Myanmar’s junta reopened basic education schools across the country for the 2022-2023 academic year on Thursday with student enrollment levels surpassing those from a year earlier, when the pandemic and a teacher boycott of the military regime kept kids at home, according to parents and residents.
In the commercial capital Yangon, the number of students attending primary schools saw a noticeable uptick, residents said, while security at the city’s educational centers was tighter than the previous year.
Yangon taxi driver Than Win estimated that “around 50% of the children” went to school on the first day of classes, based on what he had seen driving through five of the city’s townships Thursday morning.
“Very few were in school uniforms — maybe 20% or so,” he told RFA’s Burmese Service, suggesting they didn’t want to be seen as supporting junta rule.
“I didn’t see security guards in the morning but in the afternoon, there were five or six security guards posted at some of the more prominent schools.”
Parents said more children are attending school this year than last. Schools were closed in 2021 due to coronavirus restrictions and the military’s Feb. 1, 2021, coup, which prompted many teachers to leave their jobs and join the anti-junta Civil Disobedience Movement.
Wai Wai, a mother from Yangon’s Twante township, told RFA that her 7-year-old daughter attended her first day of kindergarten classes on Thursday.
“I thought there’d be no one at school but many people came — all the kids were wearing their white and green school uniforms. Last year, the children did not dare to wear white and green,” she said. “One teacher told me she had only three students in her class last year, but today she had 30.”
The junta announced that 5.6 million students had enrolled nationwide for the current academic year, most of whom are based in Yangon region, the capital Naypyidaw and Mon state.
Despite the increase in enrollment, many parents said they would continue to boycott junta-run schools. The country’s shadow National Unity Government (NUG) recently said it is working to provide classes for school-age children of parents led by CDM teachers.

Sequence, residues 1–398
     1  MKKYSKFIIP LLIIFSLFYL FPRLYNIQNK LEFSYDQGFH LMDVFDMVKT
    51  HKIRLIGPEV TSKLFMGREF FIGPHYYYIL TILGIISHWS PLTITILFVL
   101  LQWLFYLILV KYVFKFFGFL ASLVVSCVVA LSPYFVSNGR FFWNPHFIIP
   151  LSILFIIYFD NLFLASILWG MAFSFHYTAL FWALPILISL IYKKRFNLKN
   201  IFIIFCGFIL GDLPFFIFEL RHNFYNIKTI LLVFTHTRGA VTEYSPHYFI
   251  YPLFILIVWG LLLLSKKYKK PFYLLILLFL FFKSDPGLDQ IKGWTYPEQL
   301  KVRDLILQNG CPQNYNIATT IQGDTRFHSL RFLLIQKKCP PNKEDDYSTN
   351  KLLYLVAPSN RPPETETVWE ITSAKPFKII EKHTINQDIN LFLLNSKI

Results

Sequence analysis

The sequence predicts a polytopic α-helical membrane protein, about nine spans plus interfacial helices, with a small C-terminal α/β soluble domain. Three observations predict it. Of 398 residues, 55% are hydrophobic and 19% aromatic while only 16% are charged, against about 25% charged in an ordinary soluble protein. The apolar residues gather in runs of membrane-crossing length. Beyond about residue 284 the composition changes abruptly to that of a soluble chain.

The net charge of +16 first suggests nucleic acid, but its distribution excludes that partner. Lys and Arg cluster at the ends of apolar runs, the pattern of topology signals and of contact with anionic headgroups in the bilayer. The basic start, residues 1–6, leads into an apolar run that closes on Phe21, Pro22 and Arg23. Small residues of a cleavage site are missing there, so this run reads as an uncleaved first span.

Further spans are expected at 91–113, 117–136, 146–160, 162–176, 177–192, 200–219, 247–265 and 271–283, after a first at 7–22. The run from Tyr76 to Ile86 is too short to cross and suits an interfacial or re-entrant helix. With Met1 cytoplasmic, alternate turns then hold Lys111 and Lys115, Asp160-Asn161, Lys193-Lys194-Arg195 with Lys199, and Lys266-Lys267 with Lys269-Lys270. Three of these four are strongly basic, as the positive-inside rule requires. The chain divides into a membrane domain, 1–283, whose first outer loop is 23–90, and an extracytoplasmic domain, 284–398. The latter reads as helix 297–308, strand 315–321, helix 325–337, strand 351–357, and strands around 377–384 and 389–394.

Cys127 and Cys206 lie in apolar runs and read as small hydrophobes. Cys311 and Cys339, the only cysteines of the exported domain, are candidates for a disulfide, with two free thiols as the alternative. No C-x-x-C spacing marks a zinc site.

Mon Mon, a resident of Magway region’s Yezagyo township, told RFA her 7-year-old son will attend NUG-run classes this spring instead of school.
“There’s no school for my son this year because we don’t want to support the junta's education system,” she said.
“I plan to send my son to classes run by the Spring Revolution NUG. We will find a school where CDM teachers teach. Another reason [he won’t attend] is that we feel sorry for children in war-torn areas who cannot go to school and sympathize with them.”
The junta invited CDM teachers to return to work with no repercussions by May 31 and recently extended its offer to June 7.
Kyaw Min Khant, an official with the All Myanmar Teachers’ Federation, confirmed to RFA that enrollment in schools in many of the country’s regions and states is around 50% higher than last year.
“We have seen a significant increase in enrollment over the past year,” he said.
“Many parents have realized that they need to keep their children in school. … They know that their kids will be much older if they wait for the country's political stalemate to be solved before they return, so they are willing to separate their politics from their children’s education.”
According to Kyaw Min Khant, 11 million children were eligible to attend school nationwide in 2021, while the number had increased to around 13 million this year, with some 80% in attendance.
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